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Maryland Residents Staging Road Show to Slow Drivers

The Nation

Traffic: Communities use a variety of tactics, including sculptures and pedestrian flags, to deal with speeding motorists. It's unclear how effective the displays are.

September 29, 2002|DAVID DISHNEAU | ASSOCIATED PRESS WRITER

HYATTSTOWN, Md. — The sculpture is as close to an official traffic stopper as the law allows: A stick figure with an upraised, white-gloved hand, it is one of 19 artworks that Hyattstown residents have placed along a road in hopes of slowing the cars speeding past their front doors.

"If you see one, then all of a sudden, you start looking and, hopefully, your initial reaction is to slow down," said Linda Tetens, an artist who helped organize the project.

The Road Show, as residents call it, is among the many approaches that people nationwide have devised for dealing with traffic problems that authorities won't or can't solve.

Others involve brightly colored flags, "pace cars," homemade speed bumps, even a steel gate.

Tiny Hyattstown, about 25 miles northwest of Washington, isn't even a wide spot in the road. That is one of the problems its 65 residents face in trying to slow drivers who ignore the 30 mph limit on Route 355, a state highway popular with commuters avoiding congested Interstate 270.

Some of the community's 200-year-old houses are right beside the road, leaving little margin for parking -- which tends to slow passing cars -- or other "traffic-calming" features such as roundabouts and lane closings.

Tetens, who created some of the sculptures, said she and a neighbor once borrowed a police radar gun and found the average speed was at least 45 mph.

In the three years that Tetens has lived in Hyattstown, one neighbor's car was hit by a motorcycle and another was rear-ended while slowing to make a turn.

In another accident, a driver who had stopped so that Tetens could pull out of her driveway was struck from behind.

The sculptures along the one-third-mile stretch include an enormous set of wind chimes hanging from a sturdy maple branch and six brightly colored pinwheels.

The display began in July and has been changed periodically.

"It's been fun, artwise, and it's been fun to see that it worked," Tetens said.

Whether it really does work is unclear.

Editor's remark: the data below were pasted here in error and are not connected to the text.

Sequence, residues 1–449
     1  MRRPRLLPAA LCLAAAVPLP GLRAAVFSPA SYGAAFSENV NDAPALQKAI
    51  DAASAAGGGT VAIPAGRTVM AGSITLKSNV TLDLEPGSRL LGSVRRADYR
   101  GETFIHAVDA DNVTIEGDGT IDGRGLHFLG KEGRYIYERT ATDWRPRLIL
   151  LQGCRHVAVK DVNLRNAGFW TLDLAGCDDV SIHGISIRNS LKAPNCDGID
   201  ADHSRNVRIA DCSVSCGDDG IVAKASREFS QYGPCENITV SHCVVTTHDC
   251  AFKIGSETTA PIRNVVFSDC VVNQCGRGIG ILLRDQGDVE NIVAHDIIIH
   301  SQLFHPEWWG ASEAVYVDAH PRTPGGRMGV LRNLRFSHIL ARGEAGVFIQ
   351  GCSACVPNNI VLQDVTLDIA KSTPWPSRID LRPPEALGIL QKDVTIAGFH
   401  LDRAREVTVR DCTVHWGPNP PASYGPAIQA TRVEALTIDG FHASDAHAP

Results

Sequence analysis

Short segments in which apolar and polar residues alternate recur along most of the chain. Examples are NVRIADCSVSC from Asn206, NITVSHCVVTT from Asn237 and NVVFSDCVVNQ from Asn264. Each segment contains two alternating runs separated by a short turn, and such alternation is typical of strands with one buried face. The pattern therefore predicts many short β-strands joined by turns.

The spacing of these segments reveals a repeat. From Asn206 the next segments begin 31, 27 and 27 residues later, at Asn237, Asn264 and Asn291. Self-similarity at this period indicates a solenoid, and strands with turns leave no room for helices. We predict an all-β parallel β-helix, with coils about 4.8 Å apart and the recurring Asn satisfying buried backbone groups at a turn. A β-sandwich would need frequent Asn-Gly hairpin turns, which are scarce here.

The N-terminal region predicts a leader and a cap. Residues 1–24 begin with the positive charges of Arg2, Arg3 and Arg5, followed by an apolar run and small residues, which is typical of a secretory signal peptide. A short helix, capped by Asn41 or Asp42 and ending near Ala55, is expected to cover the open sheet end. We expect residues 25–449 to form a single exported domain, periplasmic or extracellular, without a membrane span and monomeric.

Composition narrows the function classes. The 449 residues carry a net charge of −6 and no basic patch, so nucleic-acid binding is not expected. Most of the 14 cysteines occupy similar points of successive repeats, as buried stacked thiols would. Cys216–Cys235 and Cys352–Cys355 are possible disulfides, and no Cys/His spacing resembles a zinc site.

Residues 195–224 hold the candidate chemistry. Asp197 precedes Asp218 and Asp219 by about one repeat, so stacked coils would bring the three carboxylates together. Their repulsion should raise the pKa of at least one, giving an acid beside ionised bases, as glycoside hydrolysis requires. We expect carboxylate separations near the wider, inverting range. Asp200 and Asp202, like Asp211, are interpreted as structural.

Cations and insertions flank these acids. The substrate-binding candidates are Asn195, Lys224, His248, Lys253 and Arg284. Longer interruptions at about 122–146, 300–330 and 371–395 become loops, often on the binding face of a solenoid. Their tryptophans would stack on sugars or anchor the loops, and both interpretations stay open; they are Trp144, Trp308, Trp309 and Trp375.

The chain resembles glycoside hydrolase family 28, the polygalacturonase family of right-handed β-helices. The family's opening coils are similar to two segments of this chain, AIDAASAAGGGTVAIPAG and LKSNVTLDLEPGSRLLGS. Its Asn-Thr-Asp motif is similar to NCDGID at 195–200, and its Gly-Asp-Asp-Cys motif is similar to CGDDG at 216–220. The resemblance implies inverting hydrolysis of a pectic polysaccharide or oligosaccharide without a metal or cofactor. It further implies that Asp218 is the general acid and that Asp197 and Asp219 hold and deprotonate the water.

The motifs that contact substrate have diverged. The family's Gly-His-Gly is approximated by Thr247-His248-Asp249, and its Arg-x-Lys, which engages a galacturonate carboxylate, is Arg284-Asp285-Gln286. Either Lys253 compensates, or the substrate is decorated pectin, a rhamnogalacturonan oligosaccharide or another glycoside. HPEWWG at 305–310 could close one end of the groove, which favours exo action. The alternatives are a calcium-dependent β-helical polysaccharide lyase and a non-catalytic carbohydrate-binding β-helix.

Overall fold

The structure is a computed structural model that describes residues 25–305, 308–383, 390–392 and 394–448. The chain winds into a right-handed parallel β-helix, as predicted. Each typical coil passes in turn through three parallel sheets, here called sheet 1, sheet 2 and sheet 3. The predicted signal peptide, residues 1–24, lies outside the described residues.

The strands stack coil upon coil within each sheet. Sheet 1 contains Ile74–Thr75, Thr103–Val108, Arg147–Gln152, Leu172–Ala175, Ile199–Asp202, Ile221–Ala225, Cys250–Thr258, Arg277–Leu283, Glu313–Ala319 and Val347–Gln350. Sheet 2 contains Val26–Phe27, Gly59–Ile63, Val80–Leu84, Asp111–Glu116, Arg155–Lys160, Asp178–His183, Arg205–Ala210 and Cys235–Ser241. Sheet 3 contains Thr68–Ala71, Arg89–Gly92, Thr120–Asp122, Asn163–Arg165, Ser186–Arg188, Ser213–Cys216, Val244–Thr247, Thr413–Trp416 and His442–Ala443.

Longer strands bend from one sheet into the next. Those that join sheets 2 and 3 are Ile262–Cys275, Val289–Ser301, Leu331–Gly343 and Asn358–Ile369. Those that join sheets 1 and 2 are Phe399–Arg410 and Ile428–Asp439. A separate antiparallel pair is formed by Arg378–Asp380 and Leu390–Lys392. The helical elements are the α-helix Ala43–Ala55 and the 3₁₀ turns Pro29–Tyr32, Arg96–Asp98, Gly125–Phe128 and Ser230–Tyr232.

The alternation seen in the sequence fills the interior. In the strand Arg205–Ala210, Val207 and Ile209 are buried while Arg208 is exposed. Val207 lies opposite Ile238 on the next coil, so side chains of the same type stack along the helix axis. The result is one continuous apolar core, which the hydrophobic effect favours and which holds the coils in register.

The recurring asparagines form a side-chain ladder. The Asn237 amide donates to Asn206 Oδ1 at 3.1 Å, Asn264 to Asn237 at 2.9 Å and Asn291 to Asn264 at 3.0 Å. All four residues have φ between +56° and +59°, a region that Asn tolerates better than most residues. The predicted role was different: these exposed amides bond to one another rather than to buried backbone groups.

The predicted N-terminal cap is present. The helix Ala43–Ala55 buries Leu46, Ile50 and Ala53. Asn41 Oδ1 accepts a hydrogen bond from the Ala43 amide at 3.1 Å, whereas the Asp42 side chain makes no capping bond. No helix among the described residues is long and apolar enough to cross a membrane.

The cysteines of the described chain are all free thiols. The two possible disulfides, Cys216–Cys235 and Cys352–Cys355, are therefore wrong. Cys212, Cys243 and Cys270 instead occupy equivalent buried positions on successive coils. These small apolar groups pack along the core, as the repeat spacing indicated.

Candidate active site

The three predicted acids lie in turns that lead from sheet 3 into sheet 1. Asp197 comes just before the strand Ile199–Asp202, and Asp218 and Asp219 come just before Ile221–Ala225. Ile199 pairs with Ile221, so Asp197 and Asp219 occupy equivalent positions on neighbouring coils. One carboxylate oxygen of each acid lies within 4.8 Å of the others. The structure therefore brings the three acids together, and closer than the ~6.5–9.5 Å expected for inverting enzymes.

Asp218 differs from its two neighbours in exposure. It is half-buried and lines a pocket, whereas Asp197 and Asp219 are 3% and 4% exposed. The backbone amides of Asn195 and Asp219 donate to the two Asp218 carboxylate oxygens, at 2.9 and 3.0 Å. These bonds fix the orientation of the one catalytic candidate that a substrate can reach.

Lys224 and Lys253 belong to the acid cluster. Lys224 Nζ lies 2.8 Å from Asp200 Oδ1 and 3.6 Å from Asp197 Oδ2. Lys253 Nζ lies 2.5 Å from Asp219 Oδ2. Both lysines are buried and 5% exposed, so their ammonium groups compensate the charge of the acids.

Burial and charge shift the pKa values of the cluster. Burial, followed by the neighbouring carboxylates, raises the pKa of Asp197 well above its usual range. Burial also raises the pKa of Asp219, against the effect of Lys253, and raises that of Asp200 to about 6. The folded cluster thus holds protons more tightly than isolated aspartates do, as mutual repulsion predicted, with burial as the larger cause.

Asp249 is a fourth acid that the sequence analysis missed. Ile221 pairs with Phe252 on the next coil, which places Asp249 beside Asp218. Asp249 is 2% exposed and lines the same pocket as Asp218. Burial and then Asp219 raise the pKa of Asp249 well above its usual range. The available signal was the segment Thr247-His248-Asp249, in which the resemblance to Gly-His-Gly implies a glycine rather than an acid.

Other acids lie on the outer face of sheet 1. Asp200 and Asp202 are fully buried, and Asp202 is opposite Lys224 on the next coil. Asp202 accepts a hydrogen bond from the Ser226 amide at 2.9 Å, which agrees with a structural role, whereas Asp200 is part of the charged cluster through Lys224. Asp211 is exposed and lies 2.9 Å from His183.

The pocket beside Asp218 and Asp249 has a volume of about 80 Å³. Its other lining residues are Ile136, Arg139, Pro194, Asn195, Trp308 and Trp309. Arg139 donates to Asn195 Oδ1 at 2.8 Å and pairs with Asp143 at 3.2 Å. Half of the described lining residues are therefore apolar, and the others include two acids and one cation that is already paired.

Bobby Donovan, another organizer of the project, said there have been at least three accidents along the strip in the past month.

He said community leaders are seeking help from state officials in installing sidewalks and establishing other visual cues that this is a residential area.

Hyattstown does not have its own police force. State police have helped nab tractor-trailers that illegally take the road to avoid a truck scale on I-270, but Montgomery County police say Hyattstown is just one small problem competing for officers' attention.

Some residents of Madison, Wis., tried numerous tactics to make drivers yield to pedestrians after authorities refused to place additional stoplights along a commercial block of Monroe Street.

"We have done yard signs, Burma Shave signs, we have done speed boards, we have marked down who didn't slow down and the police sent them warning letters. Most of these things had some effect, but mostly it was temporary," said Ann Clark of the Dudgeon-Monroe Neighborhood Assn.

They found greater success with pedestrian flags, a strategy also in use elsewhere, including Salt Lake City.

Before stepping into the intersection, pedestrians can grab a tall, bright orange flag from a curbside canister. They wave it while crossing the street, then deposit it in a container on the other side.

"It's been wonderfully effective," Clark said.

She said no pedestrians have been struck by cars on the block since the project began in May, compared with two such accidents the previous 18 months.

Home-grown strategies in other communities have included:

* Pace cars in Mesa, Ariz., where residents who pledge to obey the speed limit can display "Official Neighborhood Pace Car" stickers on their vehicles to remind others to slow down.

* Speed bumps in Rodgers Forge, Md., where Andrew McBee used them to slow traffic in an alley behind his house for three years until he was ordered to remove them last summer. He molded each of the speed bumps out of six to eight bags of asphalt from Home Depot.

* An iron gate across a road that residents of Mukilteo, Wash., installed with city approval two years ago to prevent cars from speeding through their neighborhood at 60 mph. The gate was later removed by court order.

Stephanie Faul, a spokeswoman for the Washington-based AAA Foundation for Traffic Safety, said people who are tempted to take matters into their own hands should look into traffic-calming solutions such as cobblestone paving, lane obstructions and gentle, S-shaped curves.

"When people think of traffic-calming, they usually think of speed humps, and people hate speed humps," she said. "There are things you can do, however."

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